...ave the freedm to make mistakes and have discussions and debates in a healthy setting where others can learn from each other, and be able to raise their voice without having to be worried by the idea of being bullied. He strongly believed in having the freedom to develop your own personality and having the strength to make choices. Mills is only able to see progress in society if we enter a world of culture, free conformity, and harm. We must be given the right to free expression, freedom and the right to liberty without the fear of threat or being silenced. It’s because of these justifications that mill believes that mankind would not be justified in silencing an individual just like that one inidivdual, if given the power to do so, would not be justified in silencing all of mankind. Through these actions, we as humans will create the ultimate gaood for mankind.
Liberty – the state of being free from oppressive restrictions imposed by authority – is a defining element of American values. The right to liberty from tyranny was a central motivation that fueled the American Revolution and the subsequent founding of the United States. The implications of and limits to liberty have been continually debated and evolved since the revolutionary era and are perhaps more relevant than ever today. One prominent issue pertaining to liberty is gun control. Established by James Madison in the Bill of Rights, the Second Amendment gave citizens “the right to bear arms.” Since then, some lawmakers and citizens have sought to restrict the right to bear arms in an attempt to preserve safety for all. As a result of such
Chapter two of Mill’s On Liberty discusses the freedom of speech. Mill ultimately declares that a person is free to express his/her opinion as long as it does not cause physical harm to an individual’s person or possessions. This opinion can be “correct” or “wrong” and/or it can cause emotional harm; as long as Mill’s former harm principle is not violated, a person can have unlimited free speech. Mill explains that there is no possible way for one to know for certain that an opinion is true or false, only that one can work towards a more reasonable and logical opinion. Certainty means little if many people are certain that their differing opinions are true, and many opinions thought to be true have later been proven to be false such as slavery being accepted to it being inhumane. His strongest argument for this claim is that to suppress an opinion, one must be certain that it is incorrect and that the suppressor is infallible.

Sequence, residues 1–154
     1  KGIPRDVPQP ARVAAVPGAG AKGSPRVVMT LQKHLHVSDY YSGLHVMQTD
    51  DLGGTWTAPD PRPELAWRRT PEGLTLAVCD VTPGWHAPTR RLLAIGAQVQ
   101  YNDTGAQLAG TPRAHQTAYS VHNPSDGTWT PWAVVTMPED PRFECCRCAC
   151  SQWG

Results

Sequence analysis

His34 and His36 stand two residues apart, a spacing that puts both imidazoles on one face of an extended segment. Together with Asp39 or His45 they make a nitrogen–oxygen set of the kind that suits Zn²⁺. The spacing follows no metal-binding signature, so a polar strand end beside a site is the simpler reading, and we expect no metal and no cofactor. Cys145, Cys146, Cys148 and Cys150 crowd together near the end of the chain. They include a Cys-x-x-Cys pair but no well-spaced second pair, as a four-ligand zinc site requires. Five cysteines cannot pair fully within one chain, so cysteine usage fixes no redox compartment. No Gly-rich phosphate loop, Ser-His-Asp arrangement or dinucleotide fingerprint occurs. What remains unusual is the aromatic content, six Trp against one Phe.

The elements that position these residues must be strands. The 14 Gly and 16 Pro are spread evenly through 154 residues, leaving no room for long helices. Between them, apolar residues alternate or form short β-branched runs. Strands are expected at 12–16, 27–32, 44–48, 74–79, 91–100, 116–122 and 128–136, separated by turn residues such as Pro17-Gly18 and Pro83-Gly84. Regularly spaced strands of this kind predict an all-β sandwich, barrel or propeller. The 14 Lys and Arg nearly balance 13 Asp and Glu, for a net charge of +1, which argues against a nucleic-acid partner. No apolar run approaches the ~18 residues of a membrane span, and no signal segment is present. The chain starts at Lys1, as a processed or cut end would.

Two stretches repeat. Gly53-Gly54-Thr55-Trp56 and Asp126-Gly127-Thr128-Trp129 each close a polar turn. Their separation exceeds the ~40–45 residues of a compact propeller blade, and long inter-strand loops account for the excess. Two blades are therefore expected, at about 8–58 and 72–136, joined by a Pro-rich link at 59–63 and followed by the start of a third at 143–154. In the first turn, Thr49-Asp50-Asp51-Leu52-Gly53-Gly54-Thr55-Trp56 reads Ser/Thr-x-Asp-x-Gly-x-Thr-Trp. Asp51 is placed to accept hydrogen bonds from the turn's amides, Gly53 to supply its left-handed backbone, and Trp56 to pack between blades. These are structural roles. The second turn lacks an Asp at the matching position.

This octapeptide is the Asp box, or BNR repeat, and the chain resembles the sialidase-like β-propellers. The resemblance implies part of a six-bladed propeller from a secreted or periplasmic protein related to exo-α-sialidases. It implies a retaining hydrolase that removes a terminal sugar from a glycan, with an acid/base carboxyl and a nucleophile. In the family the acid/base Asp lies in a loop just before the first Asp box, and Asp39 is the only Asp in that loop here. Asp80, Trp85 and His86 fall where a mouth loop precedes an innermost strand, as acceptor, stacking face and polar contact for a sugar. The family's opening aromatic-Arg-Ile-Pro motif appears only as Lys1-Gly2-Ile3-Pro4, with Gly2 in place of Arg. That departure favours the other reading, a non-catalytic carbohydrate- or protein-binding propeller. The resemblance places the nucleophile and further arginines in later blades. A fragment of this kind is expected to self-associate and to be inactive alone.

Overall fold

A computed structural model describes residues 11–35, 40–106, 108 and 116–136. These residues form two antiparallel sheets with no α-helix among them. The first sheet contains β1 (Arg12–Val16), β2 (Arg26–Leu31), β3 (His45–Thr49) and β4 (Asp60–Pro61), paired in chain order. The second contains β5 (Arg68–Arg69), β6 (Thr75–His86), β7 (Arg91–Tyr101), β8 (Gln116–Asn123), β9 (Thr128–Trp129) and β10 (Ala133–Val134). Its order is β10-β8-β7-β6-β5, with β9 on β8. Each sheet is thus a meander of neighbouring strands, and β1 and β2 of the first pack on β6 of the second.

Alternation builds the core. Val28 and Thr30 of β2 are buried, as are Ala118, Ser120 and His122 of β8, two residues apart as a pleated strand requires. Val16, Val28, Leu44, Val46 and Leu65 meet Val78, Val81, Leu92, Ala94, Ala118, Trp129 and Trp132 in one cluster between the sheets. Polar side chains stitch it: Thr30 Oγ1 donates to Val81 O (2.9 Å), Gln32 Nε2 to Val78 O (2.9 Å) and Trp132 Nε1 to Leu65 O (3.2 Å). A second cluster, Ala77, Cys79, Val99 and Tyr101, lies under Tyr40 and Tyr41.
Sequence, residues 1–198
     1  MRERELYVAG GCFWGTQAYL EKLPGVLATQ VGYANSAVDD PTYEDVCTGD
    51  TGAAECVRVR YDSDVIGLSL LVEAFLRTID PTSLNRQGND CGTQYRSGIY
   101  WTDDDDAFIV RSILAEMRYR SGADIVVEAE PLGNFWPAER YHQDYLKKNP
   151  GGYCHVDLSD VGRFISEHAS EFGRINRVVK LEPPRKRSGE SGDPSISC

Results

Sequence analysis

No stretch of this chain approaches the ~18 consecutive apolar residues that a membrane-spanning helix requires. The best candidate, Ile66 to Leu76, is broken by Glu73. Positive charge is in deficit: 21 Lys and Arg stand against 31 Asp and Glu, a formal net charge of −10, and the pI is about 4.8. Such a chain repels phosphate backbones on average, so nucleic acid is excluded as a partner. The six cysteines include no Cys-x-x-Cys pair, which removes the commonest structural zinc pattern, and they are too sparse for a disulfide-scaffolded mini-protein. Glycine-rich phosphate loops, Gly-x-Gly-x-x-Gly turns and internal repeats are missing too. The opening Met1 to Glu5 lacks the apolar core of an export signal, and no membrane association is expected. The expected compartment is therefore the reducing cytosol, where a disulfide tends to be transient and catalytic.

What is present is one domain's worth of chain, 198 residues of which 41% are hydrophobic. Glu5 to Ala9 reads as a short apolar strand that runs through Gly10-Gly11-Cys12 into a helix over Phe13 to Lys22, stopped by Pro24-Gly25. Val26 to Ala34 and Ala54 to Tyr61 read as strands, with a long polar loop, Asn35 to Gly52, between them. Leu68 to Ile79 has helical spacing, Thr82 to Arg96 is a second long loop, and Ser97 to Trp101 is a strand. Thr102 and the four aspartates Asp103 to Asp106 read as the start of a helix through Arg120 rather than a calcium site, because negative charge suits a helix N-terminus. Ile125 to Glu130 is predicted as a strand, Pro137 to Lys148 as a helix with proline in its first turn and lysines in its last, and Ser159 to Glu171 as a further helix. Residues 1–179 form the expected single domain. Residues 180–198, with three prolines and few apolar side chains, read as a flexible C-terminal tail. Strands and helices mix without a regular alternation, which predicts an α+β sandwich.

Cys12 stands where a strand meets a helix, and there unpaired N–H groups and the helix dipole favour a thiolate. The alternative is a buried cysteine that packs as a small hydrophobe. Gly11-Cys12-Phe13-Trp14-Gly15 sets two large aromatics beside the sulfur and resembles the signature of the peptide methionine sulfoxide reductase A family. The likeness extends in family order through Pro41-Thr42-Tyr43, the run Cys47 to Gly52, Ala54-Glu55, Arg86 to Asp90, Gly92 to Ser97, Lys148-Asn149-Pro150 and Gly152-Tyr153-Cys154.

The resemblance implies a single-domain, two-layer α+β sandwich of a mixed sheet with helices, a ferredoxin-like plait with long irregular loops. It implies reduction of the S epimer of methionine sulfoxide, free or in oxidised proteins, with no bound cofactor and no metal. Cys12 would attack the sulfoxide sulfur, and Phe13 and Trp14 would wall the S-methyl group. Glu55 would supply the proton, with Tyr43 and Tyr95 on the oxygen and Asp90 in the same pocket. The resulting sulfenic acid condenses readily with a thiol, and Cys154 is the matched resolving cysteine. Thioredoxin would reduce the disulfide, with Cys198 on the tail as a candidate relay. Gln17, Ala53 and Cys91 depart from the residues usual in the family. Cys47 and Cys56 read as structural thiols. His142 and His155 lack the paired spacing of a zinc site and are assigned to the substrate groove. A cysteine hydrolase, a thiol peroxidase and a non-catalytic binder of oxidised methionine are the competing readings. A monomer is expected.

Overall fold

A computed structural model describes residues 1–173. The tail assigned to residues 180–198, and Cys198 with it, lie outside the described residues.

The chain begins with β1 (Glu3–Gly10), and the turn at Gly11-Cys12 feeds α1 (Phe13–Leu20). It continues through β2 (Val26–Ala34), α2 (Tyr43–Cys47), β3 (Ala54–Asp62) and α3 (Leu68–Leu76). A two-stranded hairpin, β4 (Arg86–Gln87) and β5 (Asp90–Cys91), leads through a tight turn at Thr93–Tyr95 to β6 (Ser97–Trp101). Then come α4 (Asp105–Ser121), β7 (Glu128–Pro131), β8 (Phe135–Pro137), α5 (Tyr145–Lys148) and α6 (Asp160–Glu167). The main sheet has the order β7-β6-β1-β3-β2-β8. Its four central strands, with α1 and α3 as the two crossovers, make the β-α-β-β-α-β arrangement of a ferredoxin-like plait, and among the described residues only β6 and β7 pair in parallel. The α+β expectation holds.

One of John Stuart Mill’s principles was that of individual freedom, which he speaks of in On Liberty. As we use our own thought to base our feelings of concepts and ideas, we are utilising our individual freedom. The freedom no one can take from us is the liberty to think as we would like. Expressing those thoughts, however, is a different story, for not everyone in this world is as free to express as they are to think without certain consequences. Our thoughts are the beginning of everything: from a simple thought grows an idea. It’s like having a seed to a plant and knowing what will grow of it, but not how it will affect those around it.
As you all know we are all different in some way or another. We all have different lifestyles, customs, skills, experiences, backgrounds, and personalities which makes every individual different, but have you ever wondered how the world would be if everyone thought of the same ideas, copied the actions of others, wear the same type of clothes, or even walked and talked the same way? Would this be a satisfying and happy lifestyle, will this bring about social progress? Or should we add uniqueness and originality in order to help everyone to progress in life? In the book “On Liberty”, Mill believes that we need individuality in order to be able to have social progress, if we don’t we will be in a standstill and remain during the time of the Stone Age. My report will focus on the reasons Mill believes individuality is essential for social progress.
An individual does not make a community, and a community does not make a society. In order to have a functioning and prosperous society, one must relinquish some free will in return for protection. According to John Stuart Mill’s On Liberty, there are certain rights of the individual which the government may never possess. Centuries after the publication of Mill’s Essay, the court case Gonzales v. O Centro Espirita Beneficente Uniao do Vegeta l , 546 U.S. 418 (2006) challenged the protective role of government against the free exercise of religion. In this instance, Mill would agree with the court ruling because, like his views concerning free exercise of will, government restriction and majority rule, both the court ruling and Mill’s ideals are concerned for the best interests of the individual rather than for the greater good of society.